Quota system aims to curb overfishing on the West Coast

In a move to curb overfishing on the West Coast, fishermen from San Francisco, Half Moon Bay and beyond will have a new quota system in the new year.

Under the new Catch-Share Program, fishermen in the area that covers California, Oregon and Washington states will start the year with a personalized quota of ground fish — rock fish, sole and tuna among several other common species. If they exceeded the limit, the extra must be sold as stock within the industry before they can continue fishing.

By holding fishermen accountable for everything that comes aboard, the program is intended to save “many, many tons of fish,” according to the Pacific Fishery Management Council, a policymaking body responsible for overall development of the program.

The current system enforces limits at the end of a season, so fishermen essentially throw dead fish back overboard. The fish thrown back, however, rarely survive.

“Imagine having an online bank account. For each species you’re going to have a balance. If you exceed your quota on any of those species you’ll get a red light and won’t be able to fish,” said fishery management Councilman David Crabbe. “It’s 100 percent accountability.”

The commercial fishermen will have observers on deck in 2011 to make certain unwanted catches are not thrown back overboard.

The new program has secured $12.6 million in federal funds for the transition.

Line-hook fishermen who do not apply for permits to catch ground fish in massive quantities, however, are worried a limit that was imposed on them a decade ago will be cemented into place because of the new program. Three fishing organizations have filed a lawsuit to halt the catch-share program.

“We have been so severely restricted. We’re allowed 200 pounds of rock cod every two months and it’s been that way for a decade,” said Larry Collins, president of the Crab Boat Owners Association, one of the three groups that sued. “We’ve been trying to say there’s enough rock cod. We ought to be able to catch a couple of tons a month.”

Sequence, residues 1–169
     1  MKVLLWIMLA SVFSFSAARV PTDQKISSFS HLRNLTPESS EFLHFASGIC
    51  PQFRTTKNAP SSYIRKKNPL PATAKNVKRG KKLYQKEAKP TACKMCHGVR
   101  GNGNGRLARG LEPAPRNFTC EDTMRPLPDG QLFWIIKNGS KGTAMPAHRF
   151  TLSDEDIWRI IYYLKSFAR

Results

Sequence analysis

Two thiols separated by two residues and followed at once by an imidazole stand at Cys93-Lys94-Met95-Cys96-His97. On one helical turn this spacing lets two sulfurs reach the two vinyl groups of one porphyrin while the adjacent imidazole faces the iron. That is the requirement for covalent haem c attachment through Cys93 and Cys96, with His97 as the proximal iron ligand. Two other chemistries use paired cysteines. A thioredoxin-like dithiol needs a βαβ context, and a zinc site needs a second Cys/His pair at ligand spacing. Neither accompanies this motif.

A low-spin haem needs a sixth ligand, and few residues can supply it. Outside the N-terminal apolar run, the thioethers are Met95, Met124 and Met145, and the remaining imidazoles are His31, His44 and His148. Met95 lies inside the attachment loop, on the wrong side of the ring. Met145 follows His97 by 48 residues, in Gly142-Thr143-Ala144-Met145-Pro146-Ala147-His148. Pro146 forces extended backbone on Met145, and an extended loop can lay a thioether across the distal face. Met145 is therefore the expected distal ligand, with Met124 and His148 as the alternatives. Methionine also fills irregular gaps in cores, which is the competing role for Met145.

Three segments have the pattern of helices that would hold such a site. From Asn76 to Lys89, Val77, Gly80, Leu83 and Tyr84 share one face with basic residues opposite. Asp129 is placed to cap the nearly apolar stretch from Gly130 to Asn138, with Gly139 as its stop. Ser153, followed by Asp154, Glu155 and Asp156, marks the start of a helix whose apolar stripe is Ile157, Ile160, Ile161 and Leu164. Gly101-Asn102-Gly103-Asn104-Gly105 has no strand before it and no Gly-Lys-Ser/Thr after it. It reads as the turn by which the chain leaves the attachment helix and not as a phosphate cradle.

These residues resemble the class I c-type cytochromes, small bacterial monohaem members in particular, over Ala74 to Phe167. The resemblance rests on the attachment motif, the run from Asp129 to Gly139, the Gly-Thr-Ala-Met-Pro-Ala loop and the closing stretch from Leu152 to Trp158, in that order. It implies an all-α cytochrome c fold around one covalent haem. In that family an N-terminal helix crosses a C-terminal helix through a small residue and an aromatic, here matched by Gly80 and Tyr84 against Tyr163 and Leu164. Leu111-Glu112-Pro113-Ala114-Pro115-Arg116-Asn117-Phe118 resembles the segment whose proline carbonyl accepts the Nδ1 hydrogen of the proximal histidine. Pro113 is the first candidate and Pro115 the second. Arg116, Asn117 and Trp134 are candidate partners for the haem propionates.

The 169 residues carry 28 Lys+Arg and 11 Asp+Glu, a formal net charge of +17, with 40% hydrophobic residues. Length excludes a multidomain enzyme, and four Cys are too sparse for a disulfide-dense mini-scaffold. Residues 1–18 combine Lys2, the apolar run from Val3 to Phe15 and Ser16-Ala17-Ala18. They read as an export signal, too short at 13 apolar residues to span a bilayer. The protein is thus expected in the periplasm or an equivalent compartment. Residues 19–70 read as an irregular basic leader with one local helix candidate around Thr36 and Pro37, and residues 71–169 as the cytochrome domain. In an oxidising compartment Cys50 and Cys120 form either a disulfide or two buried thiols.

But Crabbe said the quotas, or stocks, will be available to all types of boats, big and small.

He also said the level of scrutiny in the fishery, including the online ground fish “bank account,” and the on-deck staff observers, will be among the highest in the nation.

“There’s a little flexibility … but they have to stop fishing until they bring their checkbook back into balance,” he said.

Go fish

About 160 commercial trawlers along the West Coast will only be allowed to catch an overall quota of fish in 2011, in allotments that the federal government will not disclose. Here is how much they will be able to catch:

Lingcod: 1,870 metric tons
Pacific cod: 1,135 metric tons
Petrale sole: 876 metric tons
Yellowtail: 3,101 metric tons*
Arrowtooth flounder: 12,431 metric tons
Minor slope rockfish: 1,207 metric tons

*North of the California/Oregon state border

Source: Pacific Fishery Management Council

kkelkar@sfexaminer.com

Bay Area Newscommercial fishingLocalSan Francisco

Just Posted

Dreamforce returned to San Francisco in person this week – but with a tiny sliver of past attendance. PHOTO COURTESY SALESFORCE
Dreamforce returns with hundreds on hand, down from 170,000 in the past

High hopes for a larger Salesforce conference shriveled during the summer

The numbers show nearly 14 percent of San Francisco voters who participated in the Sept. 14 recall election wanted to oust Gov. Gavin Newsom from elected office. (Shutterstock photo)
(Shutterstock photo)
How San Francisco neighborhoods voted in the Newsom recall

Sunset tops the list as the area with the most ‘yes’ votes

Alison Collins, a member of the San Francisco Unified School District Board of Education, listens during a board meeting. (Kevin N. Hume/S.F. Examiner)
Alison Collins speaks: Embattled SF school board member confronts the recall effort

‘It’s important for folks to know what this recall is about. It’s bigger than any one of us.’

Is the Black Cat incident a distraction from the recovery of The City’s storied nightlife industry or does Mayor London Breed’s behavior inadvertently highlight the predicament the industry’s been in since San Francisco reinstated indoor mask requirements on Aug. 20?<ins> (Kevin N. Hume/The Examiner, 2021)</ins>
Club owners to maskless mayor: Are we the new fun police?

Black Cat affair highlights difficult recovery for nightlife industry

Passengers board a BART train at Powell Street station on Friday, Oct. 23, 2020. (Kevin N. Hume/S.F. Examiner)
Powell Station death serves as a grim reminder. BART doors don’t stop for anyone

What you need to know about safety sensors on the trains

Most Read